The Royal Opera House (ROH) is an opera house and major performing arts venue in Covent Garden, central London. The large building is often referred to as simply Covent Garden, after a previous use of the site. The first opera house was constructed in 1732. It is the home of The Royal Opera, The Royal Ballet, and the Orchestra of the Royal Opera House. Originally called the Theatre Royal, it served primarily as a playhouse for the first hundred years of its history. In 1734, the first ballet was presented. A year later, first season of operas by George Frideric Handel began. Many of his operas and oratorios were specifically written for Covent Garden and had their premieres there.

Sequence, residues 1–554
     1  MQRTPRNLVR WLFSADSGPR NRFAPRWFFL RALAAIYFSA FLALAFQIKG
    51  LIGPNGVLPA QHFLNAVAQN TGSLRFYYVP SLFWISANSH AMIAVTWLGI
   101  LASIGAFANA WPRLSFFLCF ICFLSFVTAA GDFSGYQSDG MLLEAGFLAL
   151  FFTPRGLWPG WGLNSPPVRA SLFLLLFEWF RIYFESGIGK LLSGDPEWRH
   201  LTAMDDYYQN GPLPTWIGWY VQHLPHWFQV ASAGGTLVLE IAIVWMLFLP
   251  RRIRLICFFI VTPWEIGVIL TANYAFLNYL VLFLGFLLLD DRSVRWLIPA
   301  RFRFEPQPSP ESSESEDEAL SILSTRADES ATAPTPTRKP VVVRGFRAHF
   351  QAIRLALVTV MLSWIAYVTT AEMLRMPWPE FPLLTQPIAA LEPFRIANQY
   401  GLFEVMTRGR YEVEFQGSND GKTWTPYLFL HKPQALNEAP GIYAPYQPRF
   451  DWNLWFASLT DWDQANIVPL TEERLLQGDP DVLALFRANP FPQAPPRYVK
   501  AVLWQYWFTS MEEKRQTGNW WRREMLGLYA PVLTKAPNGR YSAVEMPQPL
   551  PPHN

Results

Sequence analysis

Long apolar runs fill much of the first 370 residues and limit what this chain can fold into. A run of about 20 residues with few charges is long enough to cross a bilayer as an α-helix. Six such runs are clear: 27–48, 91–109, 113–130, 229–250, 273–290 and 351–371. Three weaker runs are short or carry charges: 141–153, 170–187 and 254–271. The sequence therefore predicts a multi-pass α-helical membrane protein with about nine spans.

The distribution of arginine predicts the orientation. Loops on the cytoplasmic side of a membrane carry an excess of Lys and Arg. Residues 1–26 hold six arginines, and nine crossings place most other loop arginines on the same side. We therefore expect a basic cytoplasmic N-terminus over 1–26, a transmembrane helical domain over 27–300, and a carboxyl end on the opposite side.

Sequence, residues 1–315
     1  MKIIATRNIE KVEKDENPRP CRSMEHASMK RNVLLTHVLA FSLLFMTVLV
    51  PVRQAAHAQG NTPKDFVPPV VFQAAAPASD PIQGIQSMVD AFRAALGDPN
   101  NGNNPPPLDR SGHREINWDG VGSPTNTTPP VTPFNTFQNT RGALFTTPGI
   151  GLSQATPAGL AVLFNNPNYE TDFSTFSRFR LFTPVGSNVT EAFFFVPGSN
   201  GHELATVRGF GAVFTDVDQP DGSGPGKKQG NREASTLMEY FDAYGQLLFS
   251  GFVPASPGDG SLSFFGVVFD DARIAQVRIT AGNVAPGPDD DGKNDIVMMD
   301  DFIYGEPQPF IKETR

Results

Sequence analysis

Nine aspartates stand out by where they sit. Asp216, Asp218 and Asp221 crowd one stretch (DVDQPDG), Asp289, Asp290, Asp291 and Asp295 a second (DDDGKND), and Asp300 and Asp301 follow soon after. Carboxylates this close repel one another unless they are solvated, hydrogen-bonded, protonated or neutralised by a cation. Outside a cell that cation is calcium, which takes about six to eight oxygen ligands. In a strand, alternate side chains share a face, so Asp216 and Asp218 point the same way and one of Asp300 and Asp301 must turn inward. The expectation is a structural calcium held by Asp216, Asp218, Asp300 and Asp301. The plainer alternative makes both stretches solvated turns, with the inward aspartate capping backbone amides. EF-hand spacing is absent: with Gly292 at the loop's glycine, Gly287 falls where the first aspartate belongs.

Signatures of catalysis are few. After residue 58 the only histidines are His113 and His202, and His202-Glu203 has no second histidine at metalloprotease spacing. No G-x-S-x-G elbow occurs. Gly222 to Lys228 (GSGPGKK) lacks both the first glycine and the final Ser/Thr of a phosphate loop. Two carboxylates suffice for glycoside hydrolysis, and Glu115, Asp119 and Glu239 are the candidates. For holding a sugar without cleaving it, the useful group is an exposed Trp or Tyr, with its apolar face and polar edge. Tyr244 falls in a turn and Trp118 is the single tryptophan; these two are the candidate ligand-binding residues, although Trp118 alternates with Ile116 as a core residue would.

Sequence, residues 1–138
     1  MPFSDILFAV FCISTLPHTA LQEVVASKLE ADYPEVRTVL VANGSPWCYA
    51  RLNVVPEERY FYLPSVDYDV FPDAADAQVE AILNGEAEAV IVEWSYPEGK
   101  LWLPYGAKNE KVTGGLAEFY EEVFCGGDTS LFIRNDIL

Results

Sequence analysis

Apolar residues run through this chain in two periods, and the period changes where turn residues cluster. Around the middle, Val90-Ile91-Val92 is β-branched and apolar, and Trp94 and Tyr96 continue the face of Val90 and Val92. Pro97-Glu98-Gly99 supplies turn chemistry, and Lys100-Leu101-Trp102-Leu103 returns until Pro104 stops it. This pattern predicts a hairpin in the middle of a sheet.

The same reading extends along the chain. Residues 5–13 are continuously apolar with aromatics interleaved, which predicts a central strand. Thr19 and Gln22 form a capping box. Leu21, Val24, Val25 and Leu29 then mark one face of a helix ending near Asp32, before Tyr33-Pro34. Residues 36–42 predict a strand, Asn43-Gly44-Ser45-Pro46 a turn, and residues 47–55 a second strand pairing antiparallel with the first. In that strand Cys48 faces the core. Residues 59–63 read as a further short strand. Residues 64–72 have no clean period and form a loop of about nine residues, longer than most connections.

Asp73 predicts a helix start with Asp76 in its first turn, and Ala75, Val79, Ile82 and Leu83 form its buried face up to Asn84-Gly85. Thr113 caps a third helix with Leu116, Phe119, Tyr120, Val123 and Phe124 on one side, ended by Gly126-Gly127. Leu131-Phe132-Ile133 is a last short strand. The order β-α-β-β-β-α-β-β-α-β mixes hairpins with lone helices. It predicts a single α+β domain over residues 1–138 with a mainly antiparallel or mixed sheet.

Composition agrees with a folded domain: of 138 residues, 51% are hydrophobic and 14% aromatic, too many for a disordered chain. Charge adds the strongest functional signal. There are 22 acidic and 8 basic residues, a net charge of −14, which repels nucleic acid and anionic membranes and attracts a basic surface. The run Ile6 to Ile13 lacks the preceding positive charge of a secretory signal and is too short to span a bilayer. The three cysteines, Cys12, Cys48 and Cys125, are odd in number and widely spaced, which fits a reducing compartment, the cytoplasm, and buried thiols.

The current building is the third theatre on the site, following disastrous fires in 1808 and 1856 to previous buildings. The façade, foyer, and auditorium date from 1858, but almost every other element of the present complex dates from an extensive reconstruction in the 1990s. The main auditorium seats 2,256 people, making it the third largest in London, and consists of four tiers of boxes and balconies and the amphitheatre gallery. The proscenium is 12.20 m wide and 14.80 m high. The main auditorium is a Grade I listed building.